You probably read the title of this article and the first thing that came out of your mouth was “Yeah, but … [insert seemingly valid reason why you’re too old for wushu here] … “.
Recently, while taking a few old articles out of the Wushuzilla and Wushu Adventures attic and republishing them here on the website, I noticed that a very common question (especially on the “An Approach for Beginners Starting Wushu” article) goes something like this:
“I’m XX years old. Is it too old to start wushu?“
“I’ve been training for XX years but now I’m XX years old and I think I’m getting too old for wushu.“
Here is the tldr; for you: You’re not too old to start/continue wushu.
But, naturally, the reason I say this goes a bit deeper.
As Simon Sinek’s book title says, it is important to always “Start with Why“.
Your purpose for doing wushu is the key to determining whether or not wushu is right for you. Why did you start your wushu training? Why are you training now? What are your goals with wushu?
I’m going to quote myself by reposting an (edited for clarity) reply I gave to Alex, a commenter here on the blog. He trained wushu earlier in life and took some time off. He started up again at 21 years old and asked if I thought he should continue training or if he had a chance of reaching a “respectable level”.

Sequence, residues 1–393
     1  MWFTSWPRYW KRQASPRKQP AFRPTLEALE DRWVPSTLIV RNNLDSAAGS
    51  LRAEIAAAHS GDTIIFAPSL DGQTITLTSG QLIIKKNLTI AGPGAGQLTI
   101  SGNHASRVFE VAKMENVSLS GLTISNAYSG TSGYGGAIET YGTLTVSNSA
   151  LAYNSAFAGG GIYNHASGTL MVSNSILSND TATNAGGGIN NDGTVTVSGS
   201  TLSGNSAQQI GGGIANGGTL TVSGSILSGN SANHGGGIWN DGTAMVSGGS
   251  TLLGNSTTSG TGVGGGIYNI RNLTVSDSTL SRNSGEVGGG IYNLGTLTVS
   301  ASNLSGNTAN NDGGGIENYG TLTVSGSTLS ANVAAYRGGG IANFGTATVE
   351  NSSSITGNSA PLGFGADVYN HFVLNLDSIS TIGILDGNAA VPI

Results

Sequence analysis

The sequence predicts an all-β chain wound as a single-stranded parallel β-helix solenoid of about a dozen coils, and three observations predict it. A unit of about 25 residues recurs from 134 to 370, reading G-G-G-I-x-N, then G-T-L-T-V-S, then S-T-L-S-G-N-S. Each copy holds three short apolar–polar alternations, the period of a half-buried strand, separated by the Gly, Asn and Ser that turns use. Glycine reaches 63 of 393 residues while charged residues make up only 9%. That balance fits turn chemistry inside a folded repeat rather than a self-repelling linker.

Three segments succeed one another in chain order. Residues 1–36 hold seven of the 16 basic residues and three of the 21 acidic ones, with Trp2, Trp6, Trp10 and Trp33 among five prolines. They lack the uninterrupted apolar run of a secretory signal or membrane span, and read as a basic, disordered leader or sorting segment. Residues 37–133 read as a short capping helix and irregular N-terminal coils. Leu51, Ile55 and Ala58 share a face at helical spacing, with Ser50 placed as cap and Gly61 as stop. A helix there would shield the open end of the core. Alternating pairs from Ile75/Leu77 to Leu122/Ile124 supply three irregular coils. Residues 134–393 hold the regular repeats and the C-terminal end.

My reply to him was …
“I think the real question is, do you enjoy practicing wushu? The truth is, that is the only thing that really matters. If you enjoy it and you find it fulfilling, then practice. If you don’t enjoy it and don’t find that the challenge of wushu is something that you want to have in your life, then you might want to find something else to do.
The tricky thing is that having a goal is, by its nature, temporary. Once you reach a goal, then what do you do? There needs to be an underlying interest or passion for wushu that will keep you practicing through the difficult times or the times when you don’t have a specific goal.